There is also another aspect of the squad that has caught they eye or, more accurately, agonised the mind: Tomi Juric and Tim Cahill appear to be the only two strikers in the team. A front three of Matt Leckie, Robbie Kruse and Juric is a worryingly goal-shy lot, with just three goals, as a group, for Australia since the beginning of 2016.

    Robbie Kruse shoots for goal for the Socceroos against Thailand

    The nation is harrowingly short of strikers at the moment, and with only Jamie Maclaren or Alex Brosque excelling in the A-League as local products, this is a painful issue throbbing close to the forefront of the Australian football consciousness. Relying on the midfield to score goals is one thing, but the absence of Rogic makes this a much riskier prospect.

    Cahill cannot always provide a telling strike off the bench, and – as much as McGree’s call-up warms the heart – the palpitations currently afflicting Socceroos fans over a goal shortage might be eased had Maclaren, Brosque or even Adam Taggart been taken instead of the Adelaide youngster.

    As it stands, Australia are in third place in their Round 3 group. If that position is maintained and not improved upon, then the Roos will miss out on World Cup qualification at the earliest opportunity – only the top two teams automatically qualify, currently Japan and Saudi Arabia – and will have to play through a Fourth Round and a final Playoff Round to qualify, a much more difficult route.

    Japan and Saudi Arabia both play Thailand this month – who are bottom of the group – and will expect to pick up three points from those fixtures. Japan also play the UAE – who are behind Australia only on goal-difference – and could do the Socceroos a favour by beating them on the 24th, the day after we play Iraq. It’s all very tight, and the sloppy draw with Thailand last year will look an even worse result if the Socceroos are leap-frogged by the Omar Abdulrahmen-led UAE this month.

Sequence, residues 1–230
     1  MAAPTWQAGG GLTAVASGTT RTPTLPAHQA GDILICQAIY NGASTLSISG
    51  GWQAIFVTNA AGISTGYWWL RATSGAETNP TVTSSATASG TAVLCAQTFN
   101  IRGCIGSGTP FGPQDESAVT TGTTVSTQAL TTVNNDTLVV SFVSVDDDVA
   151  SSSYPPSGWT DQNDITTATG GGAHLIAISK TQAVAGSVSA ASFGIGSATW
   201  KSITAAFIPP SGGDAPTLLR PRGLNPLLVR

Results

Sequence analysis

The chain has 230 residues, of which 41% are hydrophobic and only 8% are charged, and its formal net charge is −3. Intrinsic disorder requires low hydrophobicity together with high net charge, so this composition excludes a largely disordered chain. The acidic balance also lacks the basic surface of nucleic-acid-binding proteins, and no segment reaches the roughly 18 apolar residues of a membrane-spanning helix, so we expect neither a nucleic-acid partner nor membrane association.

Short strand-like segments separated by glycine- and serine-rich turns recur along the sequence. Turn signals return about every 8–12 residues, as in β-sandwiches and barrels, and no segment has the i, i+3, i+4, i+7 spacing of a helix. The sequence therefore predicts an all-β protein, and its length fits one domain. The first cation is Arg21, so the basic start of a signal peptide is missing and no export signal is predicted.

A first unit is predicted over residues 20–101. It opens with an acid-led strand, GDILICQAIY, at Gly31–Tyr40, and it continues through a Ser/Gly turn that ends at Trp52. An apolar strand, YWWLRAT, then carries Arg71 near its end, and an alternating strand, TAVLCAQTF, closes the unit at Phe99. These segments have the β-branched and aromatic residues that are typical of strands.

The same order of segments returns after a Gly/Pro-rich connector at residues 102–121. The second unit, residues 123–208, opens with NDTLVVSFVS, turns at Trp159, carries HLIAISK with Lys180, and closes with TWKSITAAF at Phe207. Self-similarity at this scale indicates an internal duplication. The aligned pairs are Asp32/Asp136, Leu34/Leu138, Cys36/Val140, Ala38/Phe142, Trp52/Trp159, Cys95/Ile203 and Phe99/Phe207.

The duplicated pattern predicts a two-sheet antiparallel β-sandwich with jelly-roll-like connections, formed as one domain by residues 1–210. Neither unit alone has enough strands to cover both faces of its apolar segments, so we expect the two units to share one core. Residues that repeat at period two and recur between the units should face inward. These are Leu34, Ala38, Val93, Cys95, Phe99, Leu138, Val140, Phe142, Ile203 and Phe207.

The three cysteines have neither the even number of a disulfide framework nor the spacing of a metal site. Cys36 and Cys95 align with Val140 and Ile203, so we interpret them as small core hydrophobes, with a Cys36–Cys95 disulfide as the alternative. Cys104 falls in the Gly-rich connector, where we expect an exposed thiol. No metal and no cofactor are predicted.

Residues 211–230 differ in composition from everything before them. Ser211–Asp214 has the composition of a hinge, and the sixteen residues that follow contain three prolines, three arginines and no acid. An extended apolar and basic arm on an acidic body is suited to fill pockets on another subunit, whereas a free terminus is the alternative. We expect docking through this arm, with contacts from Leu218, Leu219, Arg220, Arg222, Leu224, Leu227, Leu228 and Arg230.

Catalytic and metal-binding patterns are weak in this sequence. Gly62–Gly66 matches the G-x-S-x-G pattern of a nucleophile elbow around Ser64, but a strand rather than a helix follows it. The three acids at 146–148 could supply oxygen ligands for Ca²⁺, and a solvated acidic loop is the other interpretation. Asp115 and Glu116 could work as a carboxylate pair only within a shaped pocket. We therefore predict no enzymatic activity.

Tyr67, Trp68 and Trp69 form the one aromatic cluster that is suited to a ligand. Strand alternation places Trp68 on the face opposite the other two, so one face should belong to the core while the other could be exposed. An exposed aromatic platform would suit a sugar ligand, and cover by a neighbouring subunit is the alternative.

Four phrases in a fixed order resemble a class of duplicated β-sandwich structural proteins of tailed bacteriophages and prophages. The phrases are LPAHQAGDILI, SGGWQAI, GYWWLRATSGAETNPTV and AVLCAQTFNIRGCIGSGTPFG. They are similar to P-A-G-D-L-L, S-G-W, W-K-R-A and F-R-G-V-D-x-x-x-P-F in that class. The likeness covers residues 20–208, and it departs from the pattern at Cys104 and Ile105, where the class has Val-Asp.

Ange’s “no new faces” assertion has already been abandoned, mostly for the better. Whether he keeps to his “playing time” promise is yet to be seen. What is known, and it now looms like a colossal spectre on the horizon, is that these two qualifying matches are critical tests of the Roos’ World Cup ambitions. We’ll know by April whether or not this squad can pass them.

    Evan Morgan Grahame
    Evan Morgan Grahame

    Evan Morgan Grahame is a Melbourne-based journalist. Gleaning what he could from his brief career as a painter, the canvas of the football pitch is now his subject of contemplation, with the beautiful game sketching new, intriguing compositions every week. He has been one of The Roar's Expert columnists since 2016. Follow him on Twitter @Evan_M_G.

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    The Crowd Says (42)

    • Roar Pro

      March 16th 2017 @ 8:09am
      Marty Gleason said | March 16th 2017 @ 8:09am | ! Report

      Thailand have played all their games away and are on the up. I think they’ll take points from the others.

      • March 16th 2017 @ 8:43am
        Fadida said | March 16th 2017 @ 8:43am | ! Report

        They were at home v Australia, but I agree, definitely a country on the rise

      • March 16th 2017 @ 1:16pm
        Nemesis said | March 16th 2017 @ 1:16pm | ! Report

        @Marty

        That’s absolutely not true. Did you bother to check, or just make it up?

        Australia, Thailand & Iraq have all played 2 home games; 3 away.
        Japan, Saudi Arabia & UAE have played 3 home; 2 away.

        So, of the top 4 teams in contention, Australia has the best draw with 3 home matches to play. The Middle East teams have historically been poor performers during WCQs played in Australia.

        • Roar Pro